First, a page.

The EU is an attempt to resolve some of this tension by creating institutions to govern a series of trade agreements. With the European Parliament it has even tried to subject them to some democratic accountability. In the interests of trading with each other, EU countries give up some of their day-to-day sovereignty and agree to be subject to EU law. Even so, any one of those countries can leave the EU at any time. This is a fact which seems to get lost in the noise about sovereignty. Even if the UK votes to stay in three months from now, that still wouldn’t stop it from leaving in the future.

The same is true of all the international treaties to which the UK has signed up. If the British voters decide that the risk of adhering to these treaties is worse than the consequences of withdrawing from them, then there is nothing to stop us from doing so. The Atlantic reported last week that Barak Obama had pointedly reminded David Cameron of his NATO obligation to spend at least 2 percent of GDP on defence, after which the defence budget was ring-fenced. Is that another constraint on our sovereignty? Only because we want to be members of NATO. We can always decide to leave.

The UK is a sovereign state and, within it, its parliament is sovereign. Like most other countries, it chooses to be bound by international treaties and trading agreements. None of these are irreversible. If we are prepared to deal with the consequences, we can repudiate any treaties we don’t like. None of that will change whether we vote to stay or go on 23 June.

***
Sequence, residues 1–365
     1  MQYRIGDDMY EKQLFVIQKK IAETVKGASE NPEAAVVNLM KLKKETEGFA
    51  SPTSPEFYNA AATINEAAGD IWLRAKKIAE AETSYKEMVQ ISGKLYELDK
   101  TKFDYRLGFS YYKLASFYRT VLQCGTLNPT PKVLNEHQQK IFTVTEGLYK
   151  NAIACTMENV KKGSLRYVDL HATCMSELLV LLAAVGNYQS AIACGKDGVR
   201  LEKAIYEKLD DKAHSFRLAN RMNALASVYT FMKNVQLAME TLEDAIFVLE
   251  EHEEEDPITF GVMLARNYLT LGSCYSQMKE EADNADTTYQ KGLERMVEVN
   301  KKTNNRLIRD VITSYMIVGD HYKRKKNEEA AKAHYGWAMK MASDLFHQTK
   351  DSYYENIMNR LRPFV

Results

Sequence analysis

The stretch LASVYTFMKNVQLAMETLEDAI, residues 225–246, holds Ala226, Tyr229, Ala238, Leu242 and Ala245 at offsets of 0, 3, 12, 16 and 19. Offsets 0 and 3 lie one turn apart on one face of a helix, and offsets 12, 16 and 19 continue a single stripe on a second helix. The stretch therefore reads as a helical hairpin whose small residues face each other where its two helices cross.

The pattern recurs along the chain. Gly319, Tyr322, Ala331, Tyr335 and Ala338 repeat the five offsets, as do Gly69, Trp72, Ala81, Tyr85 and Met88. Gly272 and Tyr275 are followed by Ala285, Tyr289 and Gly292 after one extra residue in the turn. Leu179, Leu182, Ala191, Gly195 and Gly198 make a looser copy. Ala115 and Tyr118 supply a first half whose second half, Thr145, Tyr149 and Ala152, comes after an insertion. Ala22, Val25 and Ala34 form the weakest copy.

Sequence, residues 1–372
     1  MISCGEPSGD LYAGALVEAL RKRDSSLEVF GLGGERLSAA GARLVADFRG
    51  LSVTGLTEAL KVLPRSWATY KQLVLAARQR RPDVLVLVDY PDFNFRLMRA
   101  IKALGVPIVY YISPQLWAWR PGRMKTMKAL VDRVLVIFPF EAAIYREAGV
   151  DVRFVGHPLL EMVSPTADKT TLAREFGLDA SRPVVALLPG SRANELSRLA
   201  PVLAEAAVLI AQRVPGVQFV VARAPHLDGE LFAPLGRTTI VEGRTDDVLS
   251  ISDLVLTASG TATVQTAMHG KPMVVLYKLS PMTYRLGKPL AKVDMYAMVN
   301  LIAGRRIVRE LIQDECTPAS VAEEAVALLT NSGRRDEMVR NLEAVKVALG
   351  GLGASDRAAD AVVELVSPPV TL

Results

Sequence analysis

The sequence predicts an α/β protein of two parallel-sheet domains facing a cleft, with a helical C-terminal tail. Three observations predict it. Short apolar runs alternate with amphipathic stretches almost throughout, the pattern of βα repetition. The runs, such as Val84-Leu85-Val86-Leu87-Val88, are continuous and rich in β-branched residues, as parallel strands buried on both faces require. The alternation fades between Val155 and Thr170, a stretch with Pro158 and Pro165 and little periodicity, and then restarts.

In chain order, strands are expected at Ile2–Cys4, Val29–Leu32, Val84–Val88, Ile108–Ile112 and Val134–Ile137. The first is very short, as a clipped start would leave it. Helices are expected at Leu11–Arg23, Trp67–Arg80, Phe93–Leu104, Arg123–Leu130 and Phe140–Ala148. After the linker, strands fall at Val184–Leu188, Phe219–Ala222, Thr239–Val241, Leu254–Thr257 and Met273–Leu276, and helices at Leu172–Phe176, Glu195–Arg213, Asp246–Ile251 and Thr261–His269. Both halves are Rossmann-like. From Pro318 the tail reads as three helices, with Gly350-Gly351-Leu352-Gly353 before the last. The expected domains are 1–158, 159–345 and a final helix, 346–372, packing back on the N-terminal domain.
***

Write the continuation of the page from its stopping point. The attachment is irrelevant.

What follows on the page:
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12 Responses to The sovereignty thing

  1. eatlupins says:

    I know we all like statements which we agree with, but I really do think this is an excellent piece. If you disagree with any element of the post, please, please, please post with your reasons why.

  2. sdbast says:

    Reblogged this on sdbast.

  3. Jim says:

    Its not sovereignty in the legal sense, its sovereignty in the democratic sense. The Leave side wish to return sovereignty to the people, so that they can in the future decide (via the ballot box) how we are governed. At the moment the political class control whether we are in the EU, which largely controls much of UK legislation. Until the advent of UKIP all the major parties were pro-EU, there was no choice. If we vote no now, there we will never be given another chance to regain the sovereignty that was voluntarily given up in 1975. The political class will close ranks. The only way to get the political class to listen to the people is to ensure the people have the power to vote to change things – at the moment which ever major party you vote for, they all want to stay in, and the FPTP system mitigates against single issue parties.